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Affordable Care Act’s SHOP plan aims to help small firms find health care options

CHART: Small Business Tax Credits in 2014
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Updated: December 4, 2013 6:17AM

Small business owners who might have wanted to offer their employees health insurance but couldn’t afford to could have new options to do so on the Affordable Care Act’s website.

The Small Business Health Options Program (SHOP) Marketplace, at, is a new program that’s supposed to simplify the process of buying health insurance for small businesses with 50 or fewer full-time employees.

Opening of the online SHOP Marketplace originally was delayed a month, to Nov. 1. But recently, because of the glitches many Americans are experiencing on, the federal government said SHOP would premiere on the website there in November. A spokeswoman for the Centers for Medicare and Medicaid Services declined to be more specific. The earliest the program would have taken effect was Jan. 1.

Owners who have fewer than 25 employees who make an average of about $50,000 a year may qualify for a tax credit if they purchase an insurance plan on the SHOP Marketplace. Tax credits could pay up to 50 percent of their premium costs.

In addition, the SHOP Marketplace allows small business owners to buy insurance as one large risk pool, similar to how large businesses purchase plans, so they potentially can get a lower price, the federal government noted.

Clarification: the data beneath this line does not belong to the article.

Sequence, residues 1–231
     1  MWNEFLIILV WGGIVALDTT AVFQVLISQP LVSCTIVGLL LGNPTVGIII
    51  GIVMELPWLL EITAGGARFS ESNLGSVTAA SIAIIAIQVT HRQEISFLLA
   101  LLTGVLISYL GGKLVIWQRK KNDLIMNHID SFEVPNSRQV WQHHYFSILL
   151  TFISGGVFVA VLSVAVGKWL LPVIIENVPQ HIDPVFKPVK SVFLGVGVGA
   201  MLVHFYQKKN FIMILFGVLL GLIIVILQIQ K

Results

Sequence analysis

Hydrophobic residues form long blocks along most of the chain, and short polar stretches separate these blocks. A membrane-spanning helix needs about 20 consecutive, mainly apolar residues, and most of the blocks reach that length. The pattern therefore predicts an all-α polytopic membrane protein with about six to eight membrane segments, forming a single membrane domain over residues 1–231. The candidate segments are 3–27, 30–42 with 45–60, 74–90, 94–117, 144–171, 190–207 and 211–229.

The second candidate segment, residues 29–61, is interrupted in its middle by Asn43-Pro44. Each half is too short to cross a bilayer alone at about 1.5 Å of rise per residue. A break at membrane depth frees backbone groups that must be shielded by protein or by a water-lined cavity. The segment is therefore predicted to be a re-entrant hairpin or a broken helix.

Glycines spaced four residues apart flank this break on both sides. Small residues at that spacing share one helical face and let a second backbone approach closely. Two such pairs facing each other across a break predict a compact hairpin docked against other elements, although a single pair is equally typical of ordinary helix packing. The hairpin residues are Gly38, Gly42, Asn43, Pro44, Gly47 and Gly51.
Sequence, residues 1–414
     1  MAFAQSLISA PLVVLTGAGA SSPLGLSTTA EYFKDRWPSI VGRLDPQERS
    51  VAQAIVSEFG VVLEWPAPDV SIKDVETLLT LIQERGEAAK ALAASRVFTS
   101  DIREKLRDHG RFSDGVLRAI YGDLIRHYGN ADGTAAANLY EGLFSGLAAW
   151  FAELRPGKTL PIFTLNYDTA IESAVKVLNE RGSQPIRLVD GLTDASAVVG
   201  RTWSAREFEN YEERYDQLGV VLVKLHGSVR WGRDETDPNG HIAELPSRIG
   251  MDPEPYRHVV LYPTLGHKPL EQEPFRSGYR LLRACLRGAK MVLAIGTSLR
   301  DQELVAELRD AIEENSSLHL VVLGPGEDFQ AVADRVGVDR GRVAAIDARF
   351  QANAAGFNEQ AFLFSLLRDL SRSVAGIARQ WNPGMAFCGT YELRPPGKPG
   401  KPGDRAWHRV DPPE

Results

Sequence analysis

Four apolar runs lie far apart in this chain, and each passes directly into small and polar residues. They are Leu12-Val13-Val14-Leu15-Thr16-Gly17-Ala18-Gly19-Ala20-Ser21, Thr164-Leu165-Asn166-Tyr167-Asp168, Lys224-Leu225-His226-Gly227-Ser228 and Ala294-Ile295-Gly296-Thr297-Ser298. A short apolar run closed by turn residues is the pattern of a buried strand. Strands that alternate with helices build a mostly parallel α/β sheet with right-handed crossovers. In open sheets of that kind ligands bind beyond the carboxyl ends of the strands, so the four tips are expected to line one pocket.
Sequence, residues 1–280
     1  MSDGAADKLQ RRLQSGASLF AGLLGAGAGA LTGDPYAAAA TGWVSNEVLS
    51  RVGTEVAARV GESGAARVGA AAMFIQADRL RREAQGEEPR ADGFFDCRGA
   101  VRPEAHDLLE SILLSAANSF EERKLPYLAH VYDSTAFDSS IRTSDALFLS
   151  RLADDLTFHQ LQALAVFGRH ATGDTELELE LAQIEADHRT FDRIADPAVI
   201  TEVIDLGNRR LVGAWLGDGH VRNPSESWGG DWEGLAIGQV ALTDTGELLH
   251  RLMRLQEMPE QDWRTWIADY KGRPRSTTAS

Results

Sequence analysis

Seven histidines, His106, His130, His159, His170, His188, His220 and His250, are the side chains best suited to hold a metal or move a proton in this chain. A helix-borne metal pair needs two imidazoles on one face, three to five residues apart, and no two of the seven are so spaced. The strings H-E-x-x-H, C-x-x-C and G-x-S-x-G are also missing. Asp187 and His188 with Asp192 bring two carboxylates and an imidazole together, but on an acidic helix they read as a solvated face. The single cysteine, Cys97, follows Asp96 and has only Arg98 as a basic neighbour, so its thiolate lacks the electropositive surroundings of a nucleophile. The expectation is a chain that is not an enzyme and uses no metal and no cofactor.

But small businesses with fewer than 50 full-time employees are not required to provide their workers with health insurance, and unlike individual consumers, they face no deadline when it comes to purchasing insurance. So what’s in it for them to shop on the marketplace?

Experts note that small businesses view offering health insurance to their workers as a way to attract and retain desirable workers.

Generally, plans inside and outside of the SHOP must mirror each other, meaning they must offer the essential health benefits and must not restrict people with pre-existing conditions, said Drew Crouch, director of government relations for Chicago-based Buck Consultants.

Yet, the SHOP Marketplace “will definitely make plan comparison shopping much easier once the system is completely up and running,” said Linda J. Blumberg, a senior fellow at the Urban Institute Health Policy Center.

“The SHOP gives employers another set of insurance options beyond what they have today, and these options … may be more attractive than what they’ve been getting, can continue to get outside,” Blumberg added, noting the tax credits.

Small employers face a steep learning curve with regard to the SHOP and what it offers, though, Blumberg said. While the SHOP exchanges showed substantial appeal to small business owners, they also held negative feelings toward the law, a June study by the Urban Institute and the Robert Wood Johnson Foundation showed. The study looked at six states, not including Illinois.

Experts recommended that small businesses consult brokers to compare different plans.

At least one business owner, Sharon Hoyer, has high hopes for what the new SHOP Marketplace will offer.

She’s the general manager for Dill Pickle Food Co-op in Logan Square, which has nine full-time employees who should be eligible for Hoyer to purchase health insurance on the SHOP Marketplace.

Though the company already buys health insurance, Hoyer said, “My hope is that the SHOP exchange will have competitive premium rates with our current insurance plan,” especially once the tax credit is factored in.

For more information about SHOP, visit


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